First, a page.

Furthermore, the PON itself has the unique property in that it is highly directional. So any ONU cannot observe the upstream traffic from the other ONUs on the PON. This allows privileged information (such as security keys) to be passed upstream in the clear. While there are threats that could jeopardize this situation, such as an attacker tapping the common fibres of the PON, these again are not considered realistic, since the attacker would have to do so in public spaces, and would probably impair the very PON he is tapping.

12.2 Encryption system
The encryption algorithm to be used is the advanced encryption standard (AES). It is a block cipher that operates on 16-byte (128-bit) blocks of data. It accepts 128, 192 and 256 bit keys. This algorithm is described in documents published by the National Institute of Standards and Technology (NIST) in the USA.

There are several modes of operation for this standard; however, only the 'counter' (CTR) mode shall be used [FIPS 81]. The cipher generates a stream of 16-byte pseudo-random cipher blocks which are exclusive-OR'ed with the input clear-text to produce the output of cipher-text. The cipher-text is exclusive-OR'ed with the same pseudo-random cipher blocks to regenerate the cleartext.
Also, the key length is fixed at 128 bits. Larger keys may be supported in the future, but this usage is currently unspecified.

The counter mode uses a synchronized crypto-counter that is common to the OLT and all ONUs.
The structure of this crypto-counter is as follows. The counter is 46 bits wide. The least significant 16 bits are the intra-frame counter, and the most significant 30 bits are the inter-frame counter.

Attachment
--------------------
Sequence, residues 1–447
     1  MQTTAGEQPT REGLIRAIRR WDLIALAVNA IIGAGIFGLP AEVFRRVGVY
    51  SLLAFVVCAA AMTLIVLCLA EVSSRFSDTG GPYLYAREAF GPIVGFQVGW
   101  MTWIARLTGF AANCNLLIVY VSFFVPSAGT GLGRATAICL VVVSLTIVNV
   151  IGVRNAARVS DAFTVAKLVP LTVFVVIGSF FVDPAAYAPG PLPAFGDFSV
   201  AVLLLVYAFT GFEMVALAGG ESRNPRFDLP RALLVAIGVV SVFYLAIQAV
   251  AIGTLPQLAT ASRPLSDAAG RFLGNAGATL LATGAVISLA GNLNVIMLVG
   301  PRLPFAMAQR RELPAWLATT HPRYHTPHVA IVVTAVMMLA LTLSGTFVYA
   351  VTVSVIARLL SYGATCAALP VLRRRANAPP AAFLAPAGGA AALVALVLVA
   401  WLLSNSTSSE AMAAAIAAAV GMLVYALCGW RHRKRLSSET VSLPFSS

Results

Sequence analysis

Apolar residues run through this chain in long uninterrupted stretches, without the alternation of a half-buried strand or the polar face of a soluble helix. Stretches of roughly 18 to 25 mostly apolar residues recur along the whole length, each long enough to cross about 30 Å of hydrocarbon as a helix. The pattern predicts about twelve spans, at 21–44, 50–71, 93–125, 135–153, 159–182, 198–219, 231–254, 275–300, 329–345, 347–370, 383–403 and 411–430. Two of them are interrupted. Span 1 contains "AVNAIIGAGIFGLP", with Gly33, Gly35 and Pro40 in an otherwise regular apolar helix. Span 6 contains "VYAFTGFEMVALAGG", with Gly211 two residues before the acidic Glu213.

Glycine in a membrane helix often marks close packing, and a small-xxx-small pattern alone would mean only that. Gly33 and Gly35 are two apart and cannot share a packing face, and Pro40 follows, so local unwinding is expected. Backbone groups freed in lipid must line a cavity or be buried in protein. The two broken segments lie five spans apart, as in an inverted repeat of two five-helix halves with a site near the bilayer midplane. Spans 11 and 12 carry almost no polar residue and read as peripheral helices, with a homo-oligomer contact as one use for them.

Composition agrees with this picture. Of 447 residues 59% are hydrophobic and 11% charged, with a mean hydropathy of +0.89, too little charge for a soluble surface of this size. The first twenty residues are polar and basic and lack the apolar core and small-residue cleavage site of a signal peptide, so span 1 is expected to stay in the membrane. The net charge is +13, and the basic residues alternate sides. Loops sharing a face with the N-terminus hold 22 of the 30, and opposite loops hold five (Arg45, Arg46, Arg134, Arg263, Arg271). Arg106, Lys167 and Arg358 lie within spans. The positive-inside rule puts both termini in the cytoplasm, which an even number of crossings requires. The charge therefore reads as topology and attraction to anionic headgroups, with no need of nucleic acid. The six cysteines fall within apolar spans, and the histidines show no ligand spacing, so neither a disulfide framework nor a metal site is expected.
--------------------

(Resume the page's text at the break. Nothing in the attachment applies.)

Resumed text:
The intra-frame counter is reset to zero at the beginning of the downstream frame (the first byte of the PCBd), and is incremented every four bytes. In the system with 2.488 Gbit/s downstream rate, the intra-frame counter runs from 0 to 9719.

The inter-frame counter is the same as the super-frame counter passed in the Ident field in the PCBd. The ONU implements a synchronized local counter and therefore has resilience to errors in this field.

The blocks of random cipher are aligned to the beginning of the datagram payloads.
Only the GEM frame/fragment payload is encrypted. The GEM header is not encrypted. Since the fragments need not be an integral number of code blocks, the last data block (1 to 16 bytes in length) is XORed with the most significant portion of the last AES cipher block (16 bytes in length). The excess portion of the last cipher block is discarded.

Note that the crypto-counter is aligned with the GTC downstream frame, but the AES cipher blocks are aligned to the data payloads. The relationship of these two sequences is illustrated in Figure 12-1. When a datagram is sent at the OLT or received at the ONU, the location of the first byte of its header is noted. The value of the crypto-counter at that byte position is used as the starting value of the cipher block counter for that datagram. For subsequent cipher blocks in that datagram, the counter is incremented by 1 for each block. This arrangement assures that the same value of counter is never used more than once.

The 46-bit block counter value drives the 128-bit input of the AES algorithm in the following way.
The 46 bits are duplicated 3 times, producing a 138-bit sequence. The 10 most significant bits are then discarded. The resulting 128-bit number is then encrypted with the AES algorithm, producing 128 bits of random cipher, which is then XORed with the user payload data.

Note that the downstream encryption processing step is applied before FEC. However, the crypto-counter is derived from the frame as-transmitted, so the crypto-counter continues to run through the FEC parity bytes. The scrambling processing step is applied last.

12.3 Key exchange and switch-over

We presume that the OLT and ONU have already configured a Port-ID for encrypted behaviour, and that they have established a key to use. Both the ONU and OLT store the key material in their active_key_registers, and it is this register that the encryption algorithm uses.